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frigid

[frij-id]
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adjective
  1. very cold in temperature: a frigid climate.
  2. without warmth of feeling; without ardor or enthusiasm: a frigid reaction to the suggested law.
  3. stiff or formal: a welcome that was polite but frigid.
  4. (of a woman)
    1. inhibited in the ability to experience sexual excitement during sexual activity.
    2. unresponsive to sexual advances or stimuli.
  5. unemotional or unimaginative; lacking passion, sympathy, or sensitivity: a correct, but frigid presentation.
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Origin of frigid

1590–1600; < Latin frīgidus, equivalent to frīg(us) coldness (akin to Greek rhîgos; see rigid) + -idus -id4
Related formsfrig·id·ness, nounfrig·id·ly, adverbnon·frig·id, adjectivenon·frig·id·ly, adverbnon·frig·id·ness, nounun·frig·id, adjectiveun·frig·id·ly, adverbun·frig·id·ness, noun

Synonyms

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Dictionary.com Unabridged Based on the Random House Unabridged Dictionary, © Random House, Inc. 2018

Related Words

ice-coldfrozenfreezingchillyicyfrostyglacialwintryforbiddingcoldarcticchillcoolgelidsnappySiberianantarcticiceboxaloofaustere

Examples from the Web for frigid

Contemporary Examples

Historical Examples

  • No sign of recognition; rather a cold, frigid stare, I thought.

    The Underdog

    F. Hopkinson Smith

  • The General, with a frigid nod, moved on a few paces and left them together.

  • The house was in darkness, and the moon brought it out in silvery, frigid relief.

    The Law-Breakers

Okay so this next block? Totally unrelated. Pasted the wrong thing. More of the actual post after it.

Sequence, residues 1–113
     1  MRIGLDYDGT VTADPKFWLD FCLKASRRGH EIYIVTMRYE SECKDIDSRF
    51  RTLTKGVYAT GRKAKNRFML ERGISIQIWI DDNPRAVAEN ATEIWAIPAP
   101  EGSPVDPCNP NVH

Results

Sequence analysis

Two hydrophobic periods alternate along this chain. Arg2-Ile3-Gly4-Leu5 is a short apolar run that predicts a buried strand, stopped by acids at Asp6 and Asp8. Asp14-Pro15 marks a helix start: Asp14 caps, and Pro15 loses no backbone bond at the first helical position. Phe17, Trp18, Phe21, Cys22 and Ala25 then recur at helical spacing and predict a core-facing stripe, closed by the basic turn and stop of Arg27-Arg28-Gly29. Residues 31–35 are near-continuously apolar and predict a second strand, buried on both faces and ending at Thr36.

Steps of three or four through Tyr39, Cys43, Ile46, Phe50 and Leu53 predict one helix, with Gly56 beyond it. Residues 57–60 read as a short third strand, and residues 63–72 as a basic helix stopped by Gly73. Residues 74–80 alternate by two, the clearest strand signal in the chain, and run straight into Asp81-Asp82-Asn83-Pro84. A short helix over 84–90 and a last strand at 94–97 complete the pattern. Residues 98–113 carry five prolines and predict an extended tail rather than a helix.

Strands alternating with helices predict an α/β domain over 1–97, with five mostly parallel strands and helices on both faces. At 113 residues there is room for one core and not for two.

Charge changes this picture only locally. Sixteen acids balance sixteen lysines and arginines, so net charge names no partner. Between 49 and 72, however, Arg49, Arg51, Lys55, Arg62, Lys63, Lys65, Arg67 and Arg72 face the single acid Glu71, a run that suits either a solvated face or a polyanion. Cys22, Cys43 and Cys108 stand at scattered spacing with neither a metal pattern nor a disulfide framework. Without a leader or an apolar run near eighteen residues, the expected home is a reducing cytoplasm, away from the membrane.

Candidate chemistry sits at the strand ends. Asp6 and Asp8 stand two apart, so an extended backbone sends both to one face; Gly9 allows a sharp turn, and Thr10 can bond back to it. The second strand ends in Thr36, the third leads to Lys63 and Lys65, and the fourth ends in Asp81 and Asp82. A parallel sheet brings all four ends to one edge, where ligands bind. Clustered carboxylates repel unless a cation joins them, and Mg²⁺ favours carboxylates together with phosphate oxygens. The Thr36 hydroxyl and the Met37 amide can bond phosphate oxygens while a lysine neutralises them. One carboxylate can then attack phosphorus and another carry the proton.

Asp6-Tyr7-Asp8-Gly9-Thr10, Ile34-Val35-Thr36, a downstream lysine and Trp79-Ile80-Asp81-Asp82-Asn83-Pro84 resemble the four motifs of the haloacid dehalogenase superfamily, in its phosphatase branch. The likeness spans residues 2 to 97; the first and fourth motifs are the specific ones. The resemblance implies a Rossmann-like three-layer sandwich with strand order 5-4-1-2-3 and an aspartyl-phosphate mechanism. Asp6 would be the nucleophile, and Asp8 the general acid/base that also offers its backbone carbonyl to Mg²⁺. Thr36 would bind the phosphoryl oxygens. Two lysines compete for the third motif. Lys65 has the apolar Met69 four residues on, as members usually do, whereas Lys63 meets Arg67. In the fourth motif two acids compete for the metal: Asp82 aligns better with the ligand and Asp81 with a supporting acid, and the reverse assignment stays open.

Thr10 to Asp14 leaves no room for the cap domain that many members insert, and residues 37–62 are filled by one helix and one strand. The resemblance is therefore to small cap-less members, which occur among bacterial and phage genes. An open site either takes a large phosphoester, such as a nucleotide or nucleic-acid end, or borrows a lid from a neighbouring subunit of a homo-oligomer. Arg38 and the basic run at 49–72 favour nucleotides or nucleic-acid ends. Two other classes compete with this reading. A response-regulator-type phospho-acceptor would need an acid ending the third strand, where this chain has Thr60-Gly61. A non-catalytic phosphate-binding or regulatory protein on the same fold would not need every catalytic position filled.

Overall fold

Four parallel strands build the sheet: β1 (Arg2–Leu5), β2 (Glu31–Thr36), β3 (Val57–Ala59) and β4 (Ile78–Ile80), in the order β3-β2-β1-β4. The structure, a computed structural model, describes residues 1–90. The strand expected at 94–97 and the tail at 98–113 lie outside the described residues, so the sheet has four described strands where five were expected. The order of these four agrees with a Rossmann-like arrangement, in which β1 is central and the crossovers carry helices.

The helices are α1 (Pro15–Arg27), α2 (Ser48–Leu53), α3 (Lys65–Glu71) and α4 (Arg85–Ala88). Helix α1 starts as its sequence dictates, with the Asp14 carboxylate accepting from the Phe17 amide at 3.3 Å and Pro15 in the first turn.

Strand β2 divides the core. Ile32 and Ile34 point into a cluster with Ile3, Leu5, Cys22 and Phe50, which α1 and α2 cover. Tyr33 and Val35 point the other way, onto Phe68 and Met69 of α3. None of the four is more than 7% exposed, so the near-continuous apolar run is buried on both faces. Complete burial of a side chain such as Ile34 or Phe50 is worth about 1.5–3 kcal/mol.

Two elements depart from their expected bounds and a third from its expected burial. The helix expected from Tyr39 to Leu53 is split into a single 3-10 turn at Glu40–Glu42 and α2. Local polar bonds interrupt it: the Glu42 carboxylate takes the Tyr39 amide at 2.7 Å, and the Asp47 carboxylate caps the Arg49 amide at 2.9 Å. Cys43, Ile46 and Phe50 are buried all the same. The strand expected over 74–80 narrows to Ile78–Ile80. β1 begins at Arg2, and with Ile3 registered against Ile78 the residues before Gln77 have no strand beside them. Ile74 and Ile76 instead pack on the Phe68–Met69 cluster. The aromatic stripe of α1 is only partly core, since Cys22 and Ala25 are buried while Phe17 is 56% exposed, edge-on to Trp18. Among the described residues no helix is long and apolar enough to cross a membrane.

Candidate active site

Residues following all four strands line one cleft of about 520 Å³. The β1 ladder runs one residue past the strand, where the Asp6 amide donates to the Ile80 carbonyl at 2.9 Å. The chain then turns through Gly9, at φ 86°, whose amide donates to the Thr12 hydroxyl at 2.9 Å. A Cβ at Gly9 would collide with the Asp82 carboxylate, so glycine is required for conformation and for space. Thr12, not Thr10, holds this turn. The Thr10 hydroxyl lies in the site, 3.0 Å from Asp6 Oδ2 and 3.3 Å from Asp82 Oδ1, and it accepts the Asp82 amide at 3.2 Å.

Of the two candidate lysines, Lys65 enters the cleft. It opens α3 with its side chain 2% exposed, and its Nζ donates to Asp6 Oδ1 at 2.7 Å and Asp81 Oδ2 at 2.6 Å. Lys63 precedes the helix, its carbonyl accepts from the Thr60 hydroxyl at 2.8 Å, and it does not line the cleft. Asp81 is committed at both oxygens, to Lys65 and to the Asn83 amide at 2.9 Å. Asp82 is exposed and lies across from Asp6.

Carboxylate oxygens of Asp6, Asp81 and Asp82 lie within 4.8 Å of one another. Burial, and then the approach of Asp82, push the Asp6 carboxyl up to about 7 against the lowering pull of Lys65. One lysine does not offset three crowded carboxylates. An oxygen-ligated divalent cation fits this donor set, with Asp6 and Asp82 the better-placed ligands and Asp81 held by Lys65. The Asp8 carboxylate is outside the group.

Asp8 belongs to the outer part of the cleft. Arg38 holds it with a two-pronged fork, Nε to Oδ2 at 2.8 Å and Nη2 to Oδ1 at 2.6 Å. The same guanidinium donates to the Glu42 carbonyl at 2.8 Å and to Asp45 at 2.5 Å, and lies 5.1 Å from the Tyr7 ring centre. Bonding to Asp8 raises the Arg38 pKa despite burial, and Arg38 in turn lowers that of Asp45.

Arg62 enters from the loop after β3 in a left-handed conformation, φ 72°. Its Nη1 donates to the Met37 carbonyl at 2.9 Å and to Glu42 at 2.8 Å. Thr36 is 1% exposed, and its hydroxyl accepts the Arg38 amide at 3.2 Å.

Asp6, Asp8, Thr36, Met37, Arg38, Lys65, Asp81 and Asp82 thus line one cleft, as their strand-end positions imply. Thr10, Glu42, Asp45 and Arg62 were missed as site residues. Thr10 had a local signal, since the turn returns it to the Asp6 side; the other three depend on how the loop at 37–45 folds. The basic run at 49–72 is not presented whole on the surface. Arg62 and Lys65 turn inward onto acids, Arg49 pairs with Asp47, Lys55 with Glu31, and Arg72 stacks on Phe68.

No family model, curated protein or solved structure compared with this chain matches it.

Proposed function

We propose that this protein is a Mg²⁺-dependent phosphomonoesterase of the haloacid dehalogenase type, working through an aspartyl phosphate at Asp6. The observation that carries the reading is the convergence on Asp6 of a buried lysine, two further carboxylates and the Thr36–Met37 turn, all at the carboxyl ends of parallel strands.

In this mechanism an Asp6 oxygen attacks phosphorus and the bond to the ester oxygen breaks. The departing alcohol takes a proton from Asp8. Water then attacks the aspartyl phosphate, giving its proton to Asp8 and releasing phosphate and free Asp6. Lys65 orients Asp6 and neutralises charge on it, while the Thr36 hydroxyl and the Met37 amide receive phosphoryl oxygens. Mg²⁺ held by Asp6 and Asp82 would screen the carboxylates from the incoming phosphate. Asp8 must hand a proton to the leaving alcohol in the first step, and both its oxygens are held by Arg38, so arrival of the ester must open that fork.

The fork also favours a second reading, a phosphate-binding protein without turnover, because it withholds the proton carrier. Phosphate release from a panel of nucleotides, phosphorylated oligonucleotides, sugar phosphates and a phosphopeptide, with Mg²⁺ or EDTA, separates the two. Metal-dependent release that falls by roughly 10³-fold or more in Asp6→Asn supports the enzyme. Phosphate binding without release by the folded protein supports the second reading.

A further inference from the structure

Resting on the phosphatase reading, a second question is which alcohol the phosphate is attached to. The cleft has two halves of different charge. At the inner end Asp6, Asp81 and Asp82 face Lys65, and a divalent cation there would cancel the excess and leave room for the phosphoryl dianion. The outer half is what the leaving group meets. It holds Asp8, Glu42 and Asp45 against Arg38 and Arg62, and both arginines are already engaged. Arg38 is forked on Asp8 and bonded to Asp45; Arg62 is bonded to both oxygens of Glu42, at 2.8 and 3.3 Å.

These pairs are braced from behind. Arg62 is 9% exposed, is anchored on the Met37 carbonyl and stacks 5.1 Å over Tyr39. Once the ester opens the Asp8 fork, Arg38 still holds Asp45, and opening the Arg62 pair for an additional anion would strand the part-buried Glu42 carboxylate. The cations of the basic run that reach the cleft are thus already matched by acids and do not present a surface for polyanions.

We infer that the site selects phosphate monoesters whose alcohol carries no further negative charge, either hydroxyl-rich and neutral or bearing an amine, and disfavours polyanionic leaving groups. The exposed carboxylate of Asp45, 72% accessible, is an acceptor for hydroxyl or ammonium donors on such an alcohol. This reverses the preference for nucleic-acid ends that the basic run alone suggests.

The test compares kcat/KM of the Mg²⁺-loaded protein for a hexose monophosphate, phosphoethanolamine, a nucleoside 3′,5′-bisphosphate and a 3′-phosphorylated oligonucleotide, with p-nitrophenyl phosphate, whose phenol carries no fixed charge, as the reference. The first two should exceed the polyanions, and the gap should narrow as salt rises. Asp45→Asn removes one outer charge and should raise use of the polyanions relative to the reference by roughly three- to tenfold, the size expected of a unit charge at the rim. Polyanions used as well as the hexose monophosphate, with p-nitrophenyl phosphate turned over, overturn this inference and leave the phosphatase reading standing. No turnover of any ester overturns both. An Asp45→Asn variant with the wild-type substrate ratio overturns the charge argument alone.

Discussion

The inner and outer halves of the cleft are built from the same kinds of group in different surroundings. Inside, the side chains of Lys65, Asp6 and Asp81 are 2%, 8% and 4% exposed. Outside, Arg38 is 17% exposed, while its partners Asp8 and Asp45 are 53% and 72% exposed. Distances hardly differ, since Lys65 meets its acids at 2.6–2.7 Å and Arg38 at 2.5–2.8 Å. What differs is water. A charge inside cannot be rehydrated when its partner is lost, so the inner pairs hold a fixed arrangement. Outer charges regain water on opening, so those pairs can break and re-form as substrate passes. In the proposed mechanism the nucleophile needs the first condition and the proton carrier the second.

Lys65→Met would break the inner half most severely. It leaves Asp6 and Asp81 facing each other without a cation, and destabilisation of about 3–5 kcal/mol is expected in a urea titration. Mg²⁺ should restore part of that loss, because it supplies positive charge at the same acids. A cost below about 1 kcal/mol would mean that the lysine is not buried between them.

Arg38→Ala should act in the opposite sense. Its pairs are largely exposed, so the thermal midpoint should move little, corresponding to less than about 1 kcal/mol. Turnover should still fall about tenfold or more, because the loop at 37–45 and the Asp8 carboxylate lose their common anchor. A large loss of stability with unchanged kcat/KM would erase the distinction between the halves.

Ridgwell Cullum

  • Down there at Vernon, in my frigid room, I bit my pillow to stifle my cries.

    Therese Raquin

    Emile Zola

  • He was frigid, through no fault of his own, and without cruelty.

    Howards End

    E. M. Forster


British Dictionary definitions for frigid

frigid

adjective
  1. formal or stiff in behaviour or temperament; lacking in affection or warmth
  2. (esp of a woman)
    1. lacking sexual responsiveness
    2. averse to sexual intercourse or unable to achieve orgasm during intercourse
  3. characterized by physical coldnessa frigid zone
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Derived Formsfrigidity or frigidness, nounfrigidly, adverb

Word Origin

C15: from Latin frigidus cold, from frīgēre to be cold, freeze; related to Latin frīgus frost
Collins English Dictionary - Complete & Unabridged 2012 Digital Edition © William Collins Sons & Co. Ltd. 1979, 1986 © HarperCollins Publishers 1998, 2000, 2003, 2005, 2006, 2007, 2009, 2012

Word Origin and History for frigid

adj.

1620s, from Latin frigidus "cold, chill, cool," figuratively "indifferent," from stem of frigere "be cold;" related to frigus "cold, coldness, frost," from PIE root *srig- "cold."

The meaning "wanting in sexual heat" is attested from 1650s. Frigidaire as the proprietary name of a brand of self-contained automatically operated iceless refrigerator dates from 1919 (Frigidaire Corporation, Detroit, Michigan, U.S.).

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Online Etymology Dictionary, © 2010 Douglas Harper

frigid in Medicine

frigid

(frĭjĭd)
adj.
  1. Extremely cold.
  2. Persistently averse to sexual intercourse.
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The American Heritage® Stedman's Medical Dictionary Copyright © 2002, 2001, 1995 by Houghton Mifflin Company. Published by Houghton Mifflin Company.